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PNS Daily Newscast - October 19, 2018 


Senator Corker demands the Trump administration share intelligence on the killing of a Washington Post columnist. Also on the Friday rundown: groups sue over the Texas border wall plan; and the soggy summer in some states may lead to higher pumpkin prices for Halloween.

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Critics: Fuel-Standard Rollback Threatens National Security

The Trump administration says if fuel standards are relaxed, people won't drive as much, thereby saving money and reducing accidents. Critics say research debunks those claims. (Pixabay)
The Trump administration says if fuel standards are relaxed, people won't drive as much, thereby saving money and reducing accidents. Critics say research debunks those claims. (Pixabay)
August 3, 2018

RICHMOND, Va. – The Trump administration claims lowering mileage requirements and emission standards will make cars both cheaper and safer. But critics of the proposal announced on Thursday say it ignores another important concern.

Leo Cruz, associate director of communications and campaigns for National Security Action, says the change would continue a pattern of the administration ignoring top military brass - who believe climate change is a well-established threat to the nation.

In addition to the science, Cruz - a veteran who worked in the Defense Department - says the proposal also ignores the will of the voters.

"They voted for having America be 'great' - which means basic necessities of clean air, clean water," he says. "And rolling back regulations like these don't take us in that direction."

The Trump administration wants to freeze the fuel-efficiency and emissions standards in 2020, canceling out the increasingly tougher rules that were set to go into effect for cars and light trucks produced through 2026. There's a 60-day public comment period on the proposal.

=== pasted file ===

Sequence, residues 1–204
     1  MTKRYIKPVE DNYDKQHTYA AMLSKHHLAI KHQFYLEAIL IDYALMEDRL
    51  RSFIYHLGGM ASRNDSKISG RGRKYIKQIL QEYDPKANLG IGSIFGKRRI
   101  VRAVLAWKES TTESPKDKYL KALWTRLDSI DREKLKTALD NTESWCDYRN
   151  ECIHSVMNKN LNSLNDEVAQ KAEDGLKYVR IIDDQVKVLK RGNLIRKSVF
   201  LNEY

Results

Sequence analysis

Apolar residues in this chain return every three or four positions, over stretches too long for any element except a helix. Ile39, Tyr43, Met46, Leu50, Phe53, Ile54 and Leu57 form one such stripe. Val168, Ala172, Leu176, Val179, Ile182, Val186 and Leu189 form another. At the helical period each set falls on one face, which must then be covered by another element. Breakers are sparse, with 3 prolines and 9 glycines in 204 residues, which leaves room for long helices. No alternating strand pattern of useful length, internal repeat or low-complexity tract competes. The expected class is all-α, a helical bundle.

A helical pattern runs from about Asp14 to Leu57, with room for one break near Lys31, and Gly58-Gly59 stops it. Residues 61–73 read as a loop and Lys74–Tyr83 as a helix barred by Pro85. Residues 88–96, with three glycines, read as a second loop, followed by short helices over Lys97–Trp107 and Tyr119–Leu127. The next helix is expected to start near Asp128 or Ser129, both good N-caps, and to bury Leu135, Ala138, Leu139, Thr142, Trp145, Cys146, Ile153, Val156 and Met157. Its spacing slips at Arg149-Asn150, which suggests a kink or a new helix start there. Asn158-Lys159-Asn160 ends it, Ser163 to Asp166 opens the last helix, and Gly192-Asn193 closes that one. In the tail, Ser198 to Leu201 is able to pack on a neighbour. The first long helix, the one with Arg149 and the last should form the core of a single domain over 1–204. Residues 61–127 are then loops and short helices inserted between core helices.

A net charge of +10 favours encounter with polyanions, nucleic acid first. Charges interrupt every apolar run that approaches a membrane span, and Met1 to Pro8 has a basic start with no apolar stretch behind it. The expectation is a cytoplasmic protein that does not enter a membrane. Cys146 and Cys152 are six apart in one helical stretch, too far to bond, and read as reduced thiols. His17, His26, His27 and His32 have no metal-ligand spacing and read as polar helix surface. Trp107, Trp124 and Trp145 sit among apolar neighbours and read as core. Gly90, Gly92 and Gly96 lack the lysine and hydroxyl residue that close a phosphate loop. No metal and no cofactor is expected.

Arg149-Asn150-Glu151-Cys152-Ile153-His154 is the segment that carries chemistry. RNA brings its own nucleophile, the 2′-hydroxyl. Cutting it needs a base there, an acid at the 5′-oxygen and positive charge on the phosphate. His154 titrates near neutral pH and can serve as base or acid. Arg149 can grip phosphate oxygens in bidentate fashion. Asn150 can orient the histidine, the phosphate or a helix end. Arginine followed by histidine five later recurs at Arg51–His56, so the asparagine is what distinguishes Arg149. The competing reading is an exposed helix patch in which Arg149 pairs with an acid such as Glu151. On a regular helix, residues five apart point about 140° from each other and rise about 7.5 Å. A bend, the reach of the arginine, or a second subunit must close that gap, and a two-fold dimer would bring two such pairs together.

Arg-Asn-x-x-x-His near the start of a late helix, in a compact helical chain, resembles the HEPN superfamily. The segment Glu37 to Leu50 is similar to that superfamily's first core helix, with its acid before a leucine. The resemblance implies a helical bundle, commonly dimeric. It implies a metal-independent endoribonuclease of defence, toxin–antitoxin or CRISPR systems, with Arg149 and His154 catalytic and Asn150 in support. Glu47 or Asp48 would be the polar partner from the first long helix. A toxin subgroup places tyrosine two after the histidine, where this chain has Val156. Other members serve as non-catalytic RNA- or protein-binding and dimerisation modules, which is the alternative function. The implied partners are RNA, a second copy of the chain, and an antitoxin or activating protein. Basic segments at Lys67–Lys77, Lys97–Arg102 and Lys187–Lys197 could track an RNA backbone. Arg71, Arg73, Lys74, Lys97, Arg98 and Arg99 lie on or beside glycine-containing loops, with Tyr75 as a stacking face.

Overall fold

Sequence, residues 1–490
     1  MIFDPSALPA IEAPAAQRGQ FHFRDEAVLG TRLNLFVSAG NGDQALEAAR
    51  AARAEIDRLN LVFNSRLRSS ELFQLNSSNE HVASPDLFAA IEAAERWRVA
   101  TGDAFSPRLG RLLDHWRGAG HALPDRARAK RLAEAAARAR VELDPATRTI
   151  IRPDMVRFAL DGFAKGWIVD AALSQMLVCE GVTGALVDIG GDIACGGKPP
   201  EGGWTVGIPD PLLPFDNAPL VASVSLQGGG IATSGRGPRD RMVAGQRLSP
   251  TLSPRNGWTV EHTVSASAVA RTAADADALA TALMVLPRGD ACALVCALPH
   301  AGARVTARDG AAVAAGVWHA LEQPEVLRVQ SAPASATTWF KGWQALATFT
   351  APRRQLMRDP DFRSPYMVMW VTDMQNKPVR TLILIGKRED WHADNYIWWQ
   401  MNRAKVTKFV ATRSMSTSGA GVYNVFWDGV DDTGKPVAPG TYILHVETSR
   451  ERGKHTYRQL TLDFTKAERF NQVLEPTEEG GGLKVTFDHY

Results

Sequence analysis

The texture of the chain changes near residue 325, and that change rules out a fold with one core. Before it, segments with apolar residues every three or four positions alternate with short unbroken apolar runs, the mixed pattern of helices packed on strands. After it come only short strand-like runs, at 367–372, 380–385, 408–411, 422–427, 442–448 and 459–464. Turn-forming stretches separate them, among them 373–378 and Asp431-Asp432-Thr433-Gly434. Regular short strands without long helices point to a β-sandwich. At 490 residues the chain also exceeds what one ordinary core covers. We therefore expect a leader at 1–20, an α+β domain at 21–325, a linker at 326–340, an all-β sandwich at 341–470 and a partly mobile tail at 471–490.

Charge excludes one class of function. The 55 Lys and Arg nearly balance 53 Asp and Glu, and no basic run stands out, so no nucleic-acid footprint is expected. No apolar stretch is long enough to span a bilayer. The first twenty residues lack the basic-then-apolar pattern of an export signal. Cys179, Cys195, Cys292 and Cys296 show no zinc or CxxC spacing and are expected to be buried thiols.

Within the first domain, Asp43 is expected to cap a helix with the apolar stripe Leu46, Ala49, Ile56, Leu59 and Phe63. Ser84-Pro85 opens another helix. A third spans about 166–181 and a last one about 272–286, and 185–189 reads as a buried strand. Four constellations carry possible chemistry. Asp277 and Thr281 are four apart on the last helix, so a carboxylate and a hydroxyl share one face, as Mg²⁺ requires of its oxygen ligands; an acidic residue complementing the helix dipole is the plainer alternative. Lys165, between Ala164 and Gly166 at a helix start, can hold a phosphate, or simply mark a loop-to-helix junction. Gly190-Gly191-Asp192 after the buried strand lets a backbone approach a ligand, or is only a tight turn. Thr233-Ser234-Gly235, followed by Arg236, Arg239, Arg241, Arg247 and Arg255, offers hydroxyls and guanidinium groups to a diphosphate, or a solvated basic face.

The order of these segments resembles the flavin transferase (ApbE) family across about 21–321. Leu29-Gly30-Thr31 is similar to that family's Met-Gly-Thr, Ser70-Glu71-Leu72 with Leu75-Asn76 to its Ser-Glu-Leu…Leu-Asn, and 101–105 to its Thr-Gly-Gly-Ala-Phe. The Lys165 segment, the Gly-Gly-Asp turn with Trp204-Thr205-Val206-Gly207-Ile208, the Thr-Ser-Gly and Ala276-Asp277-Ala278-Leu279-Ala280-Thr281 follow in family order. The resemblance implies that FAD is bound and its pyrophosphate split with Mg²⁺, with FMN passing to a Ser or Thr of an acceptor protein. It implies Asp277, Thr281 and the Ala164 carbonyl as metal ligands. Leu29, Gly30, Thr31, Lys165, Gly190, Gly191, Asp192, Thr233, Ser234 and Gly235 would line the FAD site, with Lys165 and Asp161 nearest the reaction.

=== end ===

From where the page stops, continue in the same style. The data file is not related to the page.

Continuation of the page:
The Obama administration had planned to keep tightening fuel requirements, saying these types of regulations on vehicles would save an estimated 40,000 lives annually through cleaner air.

Margo Oge, a former director of the EPA's Office of Transportation and Air Quality who worked on the original standards, questions the reasoning behind the new proposal.

"We're turning a pretty rare 'win-win' program that took us years under President Obama - thousands of hours - and now we're turning it into 'lose-lose' for everybody but the oil industry," she says.

Back in May, Virginia joined California and 15 other states anticipating the lower standards, in filing a lawsuit to stop them from being weakened.

Automakers view the new proposal as a starting point for negotiations with California, as they pitch for a single fuel-efficiency standard for the entire nation.

Trimmel Gomes, Public News Service - VA